That’s served to ‘insulate’ processors somewhat from having to pay all-time record high prices for stock, by riding that currency movement down. Since the start of September, however, the currency has stabilised at or around US70c. That’s left export processors much more heavily exposed to the recent rises in cattle price, hence this week’s price corrections.

 

Are plant closures next?

If cattle supply flow continues to be tight, and there is not some serious recovery in US meat pricing, early seasonal plant closures are on the cards.

Already there is talk of one or two very large northern export processing sites shutting-up shop for the year by the end of October. The latest Indonesian live export quota release for 200,000 cattle for the final quarter may be contributing to that. Not since the days of ‘seasonal’ kills in the north in the 1980s and 90s have exporters contemplated seasonal closures so early. But these are anything but ‘normal’ times.

 

Latest US meat market situation

Reports out of the US yesterday claimed the biggest one-week fall in history for domestic 90CL manufacturing beef last week, falling US25c/lb in five days.

Beef Central was told this week by exporters that Australian 90CL manufacturing beef had been sold into the US on Friday last week at A630c/kg. That’s a long way from the most recent quote published by MLA of A720c/kg (although that figure carries a lag factor in delivery and publication in Australia, of up to a week or more). The same processor said the spot price had gone from 710c/lkg to 630c/kg in the space of 8 days – a record large fall over a short period of more than 11pc.

“It’s been a dramatic fall, in a matter of days,” the export trader said.

“If this recent volatility was confined only to 90CL, that would be OK, but it’s being seen right across the spectrum from 65-75CL right through to 90s, and is also being transferred through into reductions in price in some of the round cuts, in particular.”

The US circumstance was not just affecting trim and manufacturing meat, but also a range of other cuts, he said. The previous boom prices for grinding meat put a base under a range of secondary primals like knuckles, insides and rumps, which could be thrown into the grind, if prices descended too far.

That’s now impacted values on many forequarter and hindquarter meats as well, dropping in line with the manufacturing meat price.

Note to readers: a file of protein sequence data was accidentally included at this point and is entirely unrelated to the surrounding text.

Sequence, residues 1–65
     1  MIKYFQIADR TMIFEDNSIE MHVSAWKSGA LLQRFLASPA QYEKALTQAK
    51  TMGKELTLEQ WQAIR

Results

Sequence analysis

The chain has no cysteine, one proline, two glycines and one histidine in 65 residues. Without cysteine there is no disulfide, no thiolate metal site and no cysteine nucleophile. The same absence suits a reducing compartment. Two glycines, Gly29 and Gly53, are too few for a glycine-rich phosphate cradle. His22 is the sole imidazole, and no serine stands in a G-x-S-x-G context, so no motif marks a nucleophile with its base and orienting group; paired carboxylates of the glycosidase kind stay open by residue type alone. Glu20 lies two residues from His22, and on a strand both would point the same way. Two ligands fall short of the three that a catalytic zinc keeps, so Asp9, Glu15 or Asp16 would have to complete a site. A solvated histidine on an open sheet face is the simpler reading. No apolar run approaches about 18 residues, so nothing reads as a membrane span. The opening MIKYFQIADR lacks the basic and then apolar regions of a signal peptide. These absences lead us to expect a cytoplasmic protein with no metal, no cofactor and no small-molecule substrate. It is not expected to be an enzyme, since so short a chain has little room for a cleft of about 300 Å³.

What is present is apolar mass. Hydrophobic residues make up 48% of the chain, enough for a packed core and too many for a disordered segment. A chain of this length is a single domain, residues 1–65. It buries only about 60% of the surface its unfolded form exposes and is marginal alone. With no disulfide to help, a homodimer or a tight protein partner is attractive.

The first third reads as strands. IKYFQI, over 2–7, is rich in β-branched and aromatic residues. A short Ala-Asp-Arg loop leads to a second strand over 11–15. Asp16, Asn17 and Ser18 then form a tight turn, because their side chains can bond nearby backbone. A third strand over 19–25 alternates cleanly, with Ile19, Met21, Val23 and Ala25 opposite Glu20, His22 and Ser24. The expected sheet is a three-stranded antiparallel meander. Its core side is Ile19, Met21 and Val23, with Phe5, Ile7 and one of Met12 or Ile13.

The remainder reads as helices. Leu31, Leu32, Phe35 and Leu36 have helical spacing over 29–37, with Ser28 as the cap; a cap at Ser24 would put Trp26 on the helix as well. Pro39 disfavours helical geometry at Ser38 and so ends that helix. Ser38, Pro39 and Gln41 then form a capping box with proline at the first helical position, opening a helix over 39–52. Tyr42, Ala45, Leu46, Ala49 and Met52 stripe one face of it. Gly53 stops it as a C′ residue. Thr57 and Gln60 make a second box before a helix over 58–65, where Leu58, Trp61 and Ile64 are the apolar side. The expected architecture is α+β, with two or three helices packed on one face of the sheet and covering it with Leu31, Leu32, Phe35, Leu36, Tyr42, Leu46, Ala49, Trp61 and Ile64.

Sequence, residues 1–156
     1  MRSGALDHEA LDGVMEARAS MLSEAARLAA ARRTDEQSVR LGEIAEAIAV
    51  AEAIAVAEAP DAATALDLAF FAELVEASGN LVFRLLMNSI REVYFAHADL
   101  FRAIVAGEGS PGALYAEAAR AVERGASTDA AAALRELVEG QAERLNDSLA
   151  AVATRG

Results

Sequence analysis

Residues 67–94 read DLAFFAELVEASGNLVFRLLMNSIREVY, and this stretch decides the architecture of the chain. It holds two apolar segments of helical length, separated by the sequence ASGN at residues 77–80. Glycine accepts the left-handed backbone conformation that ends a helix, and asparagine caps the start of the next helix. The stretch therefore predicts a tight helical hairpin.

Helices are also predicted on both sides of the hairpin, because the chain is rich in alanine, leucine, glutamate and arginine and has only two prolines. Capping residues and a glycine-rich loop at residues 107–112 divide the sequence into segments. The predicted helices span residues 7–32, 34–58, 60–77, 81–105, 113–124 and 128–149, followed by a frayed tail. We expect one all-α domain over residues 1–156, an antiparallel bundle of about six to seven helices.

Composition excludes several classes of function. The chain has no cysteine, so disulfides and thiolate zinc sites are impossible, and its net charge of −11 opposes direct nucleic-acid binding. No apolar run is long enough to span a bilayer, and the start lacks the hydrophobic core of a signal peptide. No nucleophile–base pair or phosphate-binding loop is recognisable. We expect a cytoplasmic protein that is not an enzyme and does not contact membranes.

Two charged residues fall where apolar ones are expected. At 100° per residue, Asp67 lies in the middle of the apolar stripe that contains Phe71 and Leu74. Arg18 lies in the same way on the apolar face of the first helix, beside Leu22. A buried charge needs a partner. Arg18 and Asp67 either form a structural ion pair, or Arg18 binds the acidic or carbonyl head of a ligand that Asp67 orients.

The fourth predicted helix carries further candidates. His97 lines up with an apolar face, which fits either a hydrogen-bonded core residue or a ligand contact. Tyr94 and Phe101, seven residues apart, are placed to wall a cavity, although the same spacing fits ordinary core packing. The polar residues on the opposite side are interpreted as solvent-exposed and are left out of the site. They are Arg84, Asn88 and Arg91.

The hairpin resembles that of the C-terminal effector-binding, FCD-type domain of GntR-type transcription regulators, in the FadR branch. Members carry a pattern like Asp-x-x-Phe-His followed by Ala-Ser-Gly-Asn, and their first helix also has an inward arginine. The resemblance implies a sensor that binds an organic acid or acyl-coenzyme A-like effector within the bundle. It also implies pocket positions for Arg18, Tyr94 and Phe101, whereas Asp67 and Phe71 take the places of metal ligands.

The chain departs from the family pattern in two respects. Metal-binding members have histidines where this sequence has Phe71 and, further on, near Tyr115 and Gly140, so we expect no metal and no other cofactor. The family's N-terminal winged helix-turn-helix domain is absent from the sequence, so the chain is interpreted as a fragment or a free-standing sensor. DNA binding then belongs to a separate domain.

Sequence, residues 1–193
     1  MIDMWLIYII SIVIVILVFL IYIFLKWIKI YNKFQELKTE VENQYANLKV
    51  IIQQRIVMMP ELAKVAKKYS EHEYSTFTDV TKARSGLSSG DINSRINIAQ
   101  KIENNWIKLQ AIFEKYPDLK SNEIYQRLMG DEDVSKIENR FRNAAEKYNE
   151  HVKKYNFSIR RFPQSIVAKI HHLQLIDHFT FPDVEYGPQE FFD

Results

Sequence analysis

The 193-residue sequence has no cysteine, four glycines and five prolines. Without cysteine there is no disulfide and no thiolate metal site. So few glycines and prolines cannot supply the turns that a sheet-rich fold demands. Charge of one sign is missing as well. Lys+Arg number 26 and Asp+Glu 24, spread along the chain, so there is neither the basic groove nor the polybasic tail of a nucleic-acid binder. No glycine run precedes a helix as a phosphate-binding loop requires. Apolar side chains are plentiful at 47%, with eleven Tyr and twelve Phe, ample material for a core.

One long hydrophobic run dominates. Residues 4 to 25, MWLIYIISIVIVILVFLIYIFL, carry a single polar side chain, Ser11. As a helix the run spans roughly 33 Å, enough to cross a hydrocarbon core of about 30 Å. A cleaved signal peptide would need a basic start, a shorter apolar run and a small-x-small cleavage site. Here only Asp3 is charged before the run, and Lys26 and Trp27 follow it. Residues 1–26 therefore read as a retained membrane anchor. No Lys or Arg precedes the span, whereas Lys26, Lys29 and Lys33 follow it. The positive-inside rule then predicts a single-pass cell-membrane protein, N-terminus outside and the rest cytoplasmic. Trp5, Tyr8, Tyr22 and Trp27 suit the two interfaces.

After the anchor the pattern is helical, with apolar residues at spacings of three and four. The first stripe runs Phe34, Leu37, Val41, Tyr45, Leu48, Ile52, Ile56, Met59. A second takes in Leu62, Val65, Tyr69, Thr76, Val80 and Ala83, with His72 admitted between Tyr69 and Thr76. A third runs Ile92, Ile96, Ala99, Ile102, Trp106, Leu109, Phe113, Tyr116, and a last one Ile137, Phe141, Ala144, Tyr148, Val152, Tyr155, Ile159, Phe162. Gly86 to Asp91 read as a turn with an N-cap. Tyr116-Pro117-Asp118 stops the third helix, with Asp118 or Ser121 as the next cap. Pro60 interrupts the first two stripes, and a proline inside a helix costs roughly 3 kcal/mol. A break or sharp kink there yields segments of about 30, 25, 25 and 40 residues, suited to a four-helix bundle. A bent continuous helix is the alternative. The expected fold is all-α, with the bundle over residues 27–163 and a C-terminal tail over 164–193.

One large Australian exporter told Beef Central yesterday his company’s US trading desk had seen a dramatic drop-off in demand and price, since the recent events started.

A veteran US meat trader contacted yesterday agreed, saying there appeared to be a lot of spot market meat that may have been ‘floated in’ prior to the triggering of the quota management action last month, thinking that the market might get a little better. There were currently quantities of Australian product currently on the water, sold at higher rates, that would cause the US importers some financial headaches, given recent US meat market price corrections.

“A lot of that is yet to be finalised, with people trying to sell it off in a deteriorating market, or turn it into cash. Some of it may be running out of acceptable production dates,” he said.

Secondly, New Zealand and its heavy cow cull was also exerting an influence, and thirdly, domestic US grainfed and cull cow manufacturing beef was having a real effect.

“There’s a lot of meat, across the entire spectrum, that’s available currently in the US. And in the end, that’s the main thing that affects our market,” he said.

“While ever that negativity is present in the US, it is having an affect,” he said.

“We had an end-user customer that told us he had bought US domestic fresh 90s at US225c/lb this week, down from 245-250s only a couple of weeks ago. Imported spot 90s yesterday was US228-230c, with the range on domestic 238-250c. A couple of months ago, domestic 90CL was still 295-300c, representing a huge drop since.”

This trader told Beef Central that most of his clients were now close to committed for the rest of 2015. “That market’s probably 220-225c now, if you can find bids – but most already have inventory,” he said.

“For 2016 entry, buyers are trying to discount off that, once the current tariff issues are cleared.”